Beau is Afraid - Ari Aster's next journey


Looks different than both his other films, not strictly a horror film? I guess that could just be the trailer, but this is set up more as a traditional adventure sort of story, but I guess who knows. Going to be there in the theater first weekend.

It’s the horror/Walter Mitty mashup I didn’t know I needed. Looks amazing!

Looks pretty trippy. I’m in!

I don’t need to or want to watch the trailer. Ari Aster has earned my trust, even if this does have Joaquin Phoenix in it.

Between The Master, Inherent Vice, and You Were Never Really Here, I’m fully onboard to see what he does here. (Though I’m also avoiding the trailer).

Same. I like not watching trailers, my wife loves it. So I sent her the link, she came back excited wanting to tell me all about it (which she did not, because descriptions of trailers are ALSO spoilers), and now she’s gonna make sure we see this. Mission accomplished.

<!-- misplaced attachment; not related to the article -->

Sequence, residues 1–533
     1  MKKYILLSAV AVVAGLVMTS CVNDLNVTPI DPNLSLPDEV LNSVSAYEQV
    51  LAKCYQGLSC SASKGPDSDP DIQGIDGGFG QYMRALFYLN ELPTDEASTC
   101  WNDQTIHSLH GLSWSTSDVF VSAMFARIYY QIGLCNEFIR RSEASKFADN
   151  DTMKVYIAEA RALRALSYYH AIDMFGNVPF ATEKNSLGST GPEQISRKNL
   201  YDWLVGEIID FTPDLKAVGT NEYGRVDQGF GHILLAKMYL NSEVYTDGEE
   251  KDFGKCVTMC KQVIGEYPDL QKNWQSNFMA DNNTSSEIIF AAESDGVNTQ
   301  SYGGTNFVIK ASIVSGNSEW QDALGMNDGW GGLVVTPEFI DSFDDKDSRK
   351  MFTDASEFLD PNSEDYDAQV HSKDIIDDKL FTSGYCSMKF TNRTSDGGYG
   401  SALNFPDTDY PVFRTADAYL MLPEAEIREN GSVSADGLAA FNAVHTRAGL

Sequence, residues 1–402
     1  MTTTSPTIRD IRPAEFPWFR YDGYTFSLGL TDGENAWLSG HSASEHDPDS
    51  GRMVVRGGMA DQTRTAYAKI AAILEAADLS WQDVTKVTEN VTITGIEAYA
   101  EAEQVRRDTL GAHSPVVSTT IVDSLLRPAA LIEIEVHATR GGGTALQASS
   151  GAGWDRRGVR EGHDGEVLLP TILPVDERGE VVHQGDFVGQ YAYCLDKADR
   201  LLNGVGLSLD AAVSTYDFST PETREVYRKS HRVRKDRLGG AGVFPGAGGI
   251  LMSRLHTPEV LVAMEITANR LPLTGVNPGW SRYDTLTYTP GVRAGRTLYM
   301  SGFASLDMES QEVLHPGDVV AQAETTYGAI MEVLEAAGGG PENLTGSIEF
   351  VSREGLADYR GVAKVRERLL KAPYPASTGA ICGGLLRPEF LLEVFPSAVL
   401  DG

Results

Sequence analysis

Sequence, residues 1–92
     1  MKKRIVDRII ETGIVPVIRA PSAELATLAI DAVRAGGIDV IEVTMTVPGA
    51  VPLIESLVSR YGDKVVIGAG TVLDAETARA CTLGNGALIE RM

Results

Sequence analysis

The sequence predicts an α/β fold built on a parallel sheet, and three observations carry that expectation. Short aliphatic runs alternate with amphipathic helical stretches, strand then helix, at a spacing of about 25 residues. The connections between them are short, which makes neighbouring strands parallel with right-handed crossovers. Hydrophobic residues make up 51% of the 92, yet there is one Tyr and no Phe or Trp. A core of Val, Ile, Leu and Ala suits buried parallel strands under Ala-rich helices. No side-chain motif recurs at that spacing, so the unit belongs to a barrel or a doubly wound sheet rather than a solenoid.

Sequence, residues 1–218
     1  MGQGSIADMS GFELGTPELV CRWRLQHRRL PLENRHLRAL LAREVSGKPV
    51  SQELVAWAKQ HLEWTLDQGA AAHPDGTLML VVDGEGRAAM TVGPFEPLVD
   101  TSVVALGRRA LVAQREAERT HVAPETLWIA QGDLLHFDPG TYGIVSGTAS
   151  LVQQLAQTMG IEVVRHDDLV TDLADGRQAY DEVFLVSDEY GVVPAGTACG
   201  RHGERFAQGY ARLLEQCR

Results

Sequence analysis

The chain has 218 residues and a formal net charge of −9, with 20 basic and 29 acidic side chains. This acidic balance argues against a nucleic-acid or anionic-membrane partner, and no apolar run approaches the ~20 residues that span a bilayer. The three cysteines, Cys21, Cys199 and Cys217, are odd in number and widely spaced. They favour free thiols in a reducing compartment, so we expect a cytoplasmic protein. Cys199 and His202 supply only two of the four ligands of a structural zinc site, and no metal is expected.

So… anyone else see this?

I can’t judge whether it was good or bad, but oh man was it ever a wild swing, and I’m glad he took it.

I’m not sure if I loved it exactly (not sure “love” or “hate” even apply to something like this), but I was really impressed that he took his shot to make something this personal and ambitious when his shot was available to take. Doubt it’ll be a massive hit, but I think we’ll still be talking about it in 10 or 15 years time.

I can’t wait to see it again when it hits digital because I’m sure I’ll have more coherent thoughts about it on second view, but I’m really glad I saw it on the big screen while I had the chance.

Saw this last night. And I have some thoughts.